The following piece titled, Peercommony Reconsidered?, responds to Michael Alberts' Considering Peercommony, which was reacting to a Siefkes summary of Peercommony. Albert will comment in a followup article on the piece immediately below. All the content, as it becomes available, will display at Albert/Siefkes Discussion which includes a set of pieces beginning with an Albert summary of Parecon, and then Siefke's concerns, etc.
Michael formulates various concerns and objections, many of which are not new to me. I can’t address all of them fully, for lack of space and because many seem to ask for a blueprint of a future, non-capitalist society, which is not something I can or want to give. The meta-rule of all peer/commons-based institutions is that “you have to find your own rules.” Any successful peer project has a history of trial and error. Finding solutions that work for you is an essential part of the game.
But while I cannot describe the exact institutional mechanisms Michael asks me to describe, I’ll my reasons why I think that people will be able to find and implement them.
Labor as a Problem
Both in parecon and Michael’s objections, the distribution of labor is treated as a big, worrisome problem. How to ensure that all the necessary labor is done? Interestingly, the worries of people who have a good understanding of technology, but lack a critical understanding of capitalism, are usually the opposite. They worry about the rapid disappearance of labor, especially the kind of labor that is “disempowering, … rote and repetitive,” in Michael’s words. I’m involved in the RepRap 3D-printer project, one of the biggest open hardware projects. One topic frequently discussed among the participants is the disappearance of “blue-collar,” physically challenging work, with people worrying about what will become of those that lack the necessary skills to succeed at “white-collar,” non-manual work. Authors like Federico Pistono (“Robots will steal your job, but that’s OK”) are beginning to understand that the ideological notion “Everybody has to work for a living” no longer makes sense. (Though they don’t understand that that notion is at the heart of capitalist ideology and that it didn’t even exist before.)
So, part of my response to Michael’s inquiry about “the institutions that would lead toward diminishing intrinsically unrewarding labor” is that these institutions are already in place. Almost every innovation in capitalism is about reducing labor. True, capitalists don’t care about whether it is rewarding or not, but usually the “rote and repetitive” labor is easiest to automate. Two objections are obvious: First, there are still tons of rote and repetitive labor, much of which has migrated to China and other Asian countries. Second, what will happen after capitalism? Won’t people lose the will or ability to innovate if the capitalist reason for innovation (more profits!) no longer exists?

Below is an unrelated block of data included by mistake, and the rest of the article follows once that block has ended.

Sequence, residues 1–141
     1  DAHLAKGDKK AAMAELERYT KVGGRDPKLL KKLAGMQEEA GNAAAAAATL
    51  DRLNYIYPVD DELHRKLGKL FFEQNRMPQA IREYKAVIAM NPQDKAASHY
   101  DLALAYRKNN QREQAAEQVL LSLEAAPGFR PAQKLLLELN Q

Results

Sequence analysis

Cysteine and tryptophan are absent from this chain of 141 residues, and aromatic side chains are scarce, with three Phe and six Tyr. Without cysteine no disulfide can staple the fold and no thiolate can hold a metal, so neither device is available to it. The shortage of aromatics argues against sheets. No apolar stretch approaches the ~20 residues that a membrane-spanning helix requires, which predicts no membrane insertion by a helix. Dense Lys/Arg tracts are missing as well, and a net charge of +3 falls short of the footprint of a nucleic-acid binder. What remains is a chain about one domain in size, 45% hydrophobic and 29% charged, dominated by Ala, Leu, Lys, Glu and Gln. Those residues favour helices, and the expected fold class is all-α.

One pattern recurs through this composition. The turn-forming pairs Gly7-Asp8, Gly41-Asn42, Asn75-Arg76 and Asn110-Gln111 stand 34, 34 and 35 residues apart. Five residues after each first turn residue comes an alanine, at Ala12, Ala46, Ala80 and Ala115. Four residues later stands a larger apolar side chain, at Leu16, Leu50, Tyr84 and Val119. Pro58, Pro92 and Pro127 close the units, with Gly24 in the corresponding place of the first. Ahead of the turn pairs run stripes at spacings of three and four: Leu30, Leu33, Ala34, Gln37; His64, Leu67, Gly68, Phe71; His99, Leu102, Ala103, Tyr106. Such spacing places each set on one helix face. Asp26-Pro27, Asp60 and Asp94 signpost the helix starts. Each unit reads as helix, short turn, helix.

But before addressing these objections, I would like to come back to Michael’s term “intrinsically unrewarding labor,” since I suspect there is something intrinsically wrong with it. It suggests that labor, or work (I prefer the latter term when not talking specifically about capitalism) must be “intrinsically rewarding” or else people will never do it voluntarily, without coercion or compensation. “Intrinsic” seems to indicate that the task must be rewarding (satisfying, enjoyable, fun, instructive) in itself, regardless of whether or not it it useful for others. But that misses important aspects of what motivates people, since these factors are not everything.
Nobody enjoys working for the wastebasket; almost everybody enjoys feeling needed, feeling appreciated, knowing that one did something useful. Hence the notion than people, unless convinced by “extrinsic” payment, only do things that they “intrinsically” enjoy without taking the needs of others into account, misses the point. Being useful to others is part of what makes tasks enjoyable.
Back to the point of China and Bangladesh, and all the “rote and repetitive” labor that is still an essential part of capitalism. Can we expect that all that labor will be taken over by volunteers who aren’t forced by the need to earn money? Certainly not, but I don’t think the lack of payment is the problem. The actual problem is any kind of work that nobody does unless forced or paid. I don’t think that humanity can get rid of capitalism without getting rid of (at least) most such work.